vSphere with Tanzu - Troubleshooting HAProxy deployment
You may have already heard and read about our latest changes regarding our Kubernetes offering(s) vSphere with Tanzu also former known as vSphere with Kubernetes. Personally, I was totally excited and full of anticipation to make my first hands-on experience with this new deployment option –> vSphere Networking as an alternative to NSX-T and how HAProxy is doing it’s job within this construct. I don’t know how you are dealing with installations of the “NEW” but I always read the documentation first… … not … 🙊 … but I should!
Honestly! Doesn’t matter of which kind of implementation we are talking, is it a Homelab (test environment), a Proof of Concept implementation or in production, our final goal is a working solution and this is why we should be prepared best. Through this article, I will even more stress this point because I did a mistake which did cost me time in troubleshooting the failure I’ve received. On the other hand and “as always”, it enlightened me and enriched my wealth of experience.
This article will not describe the vSphere with Tanzu installation itself. For this kind of details, I would like to point you to VMware’s official documentation or to this vSphere with Tanzu Quick Start Guide V1a (for evaluation purposes) which VMware is maintaining on the Cloud Platform Tech Zone.
Also! For being prepared better as well as for documentation purposes, we are providing a checklist-file which can be downloaded through the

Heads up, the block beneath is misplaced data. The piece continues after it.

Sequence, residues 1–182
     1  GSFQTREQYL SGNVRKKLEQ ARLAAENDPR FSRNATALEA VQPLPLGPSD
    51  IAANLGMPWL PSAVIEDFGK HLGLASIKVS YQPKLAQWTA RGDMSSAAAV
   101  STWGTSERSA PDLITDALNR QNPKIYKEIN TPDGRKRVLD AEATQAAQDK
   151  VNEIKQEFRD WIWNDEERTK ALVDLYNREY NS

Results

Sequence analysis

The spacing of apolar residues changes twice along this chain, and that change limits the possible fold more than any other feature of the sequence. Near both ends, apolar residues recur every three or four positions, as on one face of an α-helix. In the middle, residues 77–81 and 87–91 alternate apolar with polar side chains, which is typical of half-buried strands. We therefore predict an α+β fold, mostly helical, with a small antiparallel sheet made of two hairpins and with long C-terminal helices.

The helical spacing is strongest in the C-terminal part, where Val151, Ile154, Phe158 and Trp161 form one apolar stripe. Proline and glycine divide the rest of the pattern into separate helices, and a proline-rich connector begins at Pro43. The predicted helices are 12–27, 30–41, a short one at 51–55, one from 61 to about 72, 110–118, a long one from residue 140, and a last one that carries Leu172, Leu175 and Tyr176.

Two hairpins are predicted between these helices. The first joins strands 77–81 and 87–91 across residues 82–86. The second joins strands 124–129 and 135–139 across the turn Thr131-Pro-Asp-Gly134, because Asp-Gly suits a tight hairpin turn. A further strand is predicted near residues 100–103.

Workload Management section in the vSphere Client and then shared or forwarded to the networking engineer of your confidence (Figure I).
- VMware Docs - vSphere with Tanzu Basics
- VMware Cloud Platform Tech Zone - vSphere with Tanzu Quick Start Guide V1a
- - HAProxy Direct Download Link
- - HAProxy Powershell/PowerCLI Deployment Script
- - HAProxy Build the Appliance from scratch
The Frontend Network
Step 6 in the Quick Start Guide describes the deployment of the HAProxy Virtual Appliance on vSphere. OVA deployment step 7 gives us the ability to deploy HAProxy with an additional network interface to seperate the Kubernetes nodes of our clusters from the network used by clients or services to access these clusters (Figure II).
The configuration of the additional Frontend network is not covered through the aforementioned Quick Start Guide (for simplicity reasons) but if you are going to deploy vSphere with Tanzu into production, it definitely should be used.
I tried to simplify the traffic flow coming from the client and/ or service through the Kubernetes clusters roughly via the following chart:
It must be a valid Subnetwork
OVA deployment step 2.7 requests the static IP address for the Frontend interface and this IP must be outside of the Load Balancer IP Range which you have to define in the next step 3.1. Furthermore, this IP range should not overlap with the assigned IP address of the Frontend network interface as well as with any other VMs in this range!
I’ve misinterpreted the description for Loadbalancer